Congresswoman honors first men on the moon

Congresswoman Kendra Horn (D-OK), Chairwoman of the Space and Aeronautics Subcommittee, and Ranking Member Brian Babin (R-TX) introduced two bipartisan resolutions that honor the American accomplishment of being the first – and only – country to land humans on the surface of the Moon by commemorating the date of the first moonwalk.

On July 20, 1969, millions of earth-bound observers looked on as the Apollo 11 crew, made up of Astronauts Neil Armstrong, Buzz Aldrin, and Michael Collins, successfully traveled the 240,000-mile trek to the lunar surface.

House Joint Resolution 59 commemorates the 50th anniversary of the Apollo 11 mission by designating the 20th of July “National Space Exploration Day” and House Concurrent Resolution 59 honors specifically the 50th anniversary.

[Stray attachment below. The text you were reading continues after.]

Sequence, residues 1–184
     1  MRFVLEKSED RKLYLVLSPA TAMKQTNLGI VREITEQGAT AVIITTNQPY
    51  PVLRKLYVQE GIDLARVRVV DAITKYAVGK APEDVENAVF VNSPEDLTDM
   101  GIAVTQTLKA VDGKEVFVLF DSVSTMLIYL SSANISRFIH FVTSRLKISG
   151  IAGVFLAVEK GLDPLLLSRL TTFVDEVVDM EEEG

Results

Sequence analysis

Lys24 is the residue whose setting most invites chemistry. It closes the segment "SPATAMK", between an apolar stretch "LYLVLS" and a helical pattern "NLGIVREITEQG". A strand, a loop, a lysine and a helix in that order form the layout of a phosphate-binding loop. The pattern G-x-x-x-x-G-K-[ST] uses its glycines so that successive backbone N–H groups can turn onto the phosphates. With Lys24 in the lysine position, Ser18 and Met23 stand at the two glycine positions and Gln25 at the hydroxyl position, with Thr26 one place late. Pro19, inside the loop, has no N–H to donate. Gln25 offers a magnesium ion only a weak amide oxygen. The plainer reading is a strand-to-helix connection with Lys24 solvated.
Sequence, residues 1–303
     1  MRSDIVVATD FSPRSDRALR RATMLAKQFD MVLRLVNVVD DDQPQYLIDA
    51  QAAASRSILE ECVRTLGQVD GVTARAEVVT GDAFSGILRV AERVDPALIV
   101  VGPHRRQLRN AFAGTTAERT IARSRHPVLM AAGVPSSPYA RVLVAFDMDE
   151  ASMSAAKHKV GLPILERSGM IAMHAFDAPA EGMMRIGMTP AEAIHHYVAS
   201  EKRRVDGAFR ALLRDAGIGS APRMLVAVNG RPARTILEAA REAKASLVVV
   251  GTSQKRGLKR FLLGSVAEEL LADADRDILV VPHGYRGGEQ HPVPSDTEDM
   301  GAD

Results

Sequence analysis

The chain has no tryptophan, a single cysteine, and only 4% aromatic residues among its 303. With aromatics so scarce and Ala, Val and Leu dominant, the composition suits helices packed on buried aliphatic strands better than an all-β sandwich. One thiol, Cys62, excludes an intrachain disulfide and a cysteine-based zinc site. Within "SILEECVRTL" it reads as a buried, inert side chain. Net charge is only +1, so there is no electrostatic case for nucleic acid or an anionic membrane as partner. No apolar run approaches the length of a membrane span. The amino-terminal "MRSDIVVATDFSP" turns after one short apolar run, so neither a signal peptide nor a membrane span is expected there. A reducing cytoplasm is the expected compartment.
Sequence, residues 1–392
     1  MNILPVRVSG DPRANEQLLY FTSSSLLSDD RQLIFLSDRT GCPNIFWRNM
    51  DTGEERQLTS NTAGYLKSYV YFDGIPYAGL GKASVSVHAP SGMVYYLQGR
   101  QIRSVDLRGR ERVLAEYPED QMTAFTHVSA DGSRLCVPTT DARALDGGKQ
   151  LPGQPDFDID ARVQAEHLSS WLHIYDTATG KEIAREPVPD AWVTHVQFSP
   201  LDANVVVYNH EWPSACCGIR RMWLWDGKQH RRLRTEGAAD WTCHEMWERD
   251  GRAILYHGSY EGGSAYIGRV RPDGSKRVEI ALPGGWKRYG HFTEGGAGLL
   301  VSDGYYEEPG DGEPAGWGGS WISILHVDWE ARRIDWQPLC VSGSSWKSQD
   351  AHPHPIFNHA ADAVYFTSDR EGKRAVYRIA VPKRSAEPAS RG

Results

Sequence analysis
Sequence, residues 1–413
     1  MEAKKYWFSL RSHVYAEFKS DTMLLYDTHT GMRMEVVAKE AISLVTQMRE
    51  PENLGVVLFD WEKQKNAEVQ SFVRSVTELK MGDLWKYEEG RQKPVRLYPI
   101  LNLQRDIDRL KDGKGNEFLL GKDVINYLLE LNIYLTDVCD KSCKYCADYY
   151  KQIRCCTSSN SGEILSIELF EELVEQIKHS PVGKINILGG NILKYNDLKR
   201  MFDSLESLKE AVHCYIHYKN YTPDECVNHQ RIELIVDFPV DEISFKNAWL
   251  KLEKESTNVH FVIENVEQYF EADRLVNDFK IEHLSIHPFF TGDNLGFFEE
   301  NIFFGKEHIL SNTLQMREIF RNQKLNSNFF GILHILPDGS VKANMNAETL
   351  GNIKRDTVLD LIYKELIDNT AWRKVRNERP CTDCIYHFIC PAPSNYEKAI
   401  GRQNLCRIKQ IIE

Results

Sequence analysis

“Apollo 11 was indeed a giant leap,” Chairwoman Horn said. “It inspired and continues to inspire generations to explore. The discoveries and technology that come out of America’s investment in space not only help us better understand the universe but fundamentally change our modern life. Apollo 11 is one of America’s greatest achievements…”

President Kennedy challenged Congress in 1961 to “land a man on the Moon and return him safely to Earth,” and to do so “before the decade is out.” America rose to the challenge.

The U.S. first created the Mercury Program, then Gemini, and finally Apollo, where astronauts Armstrong, Aldrin, and Collins were sent to the lunar surface on July 20, 1969.

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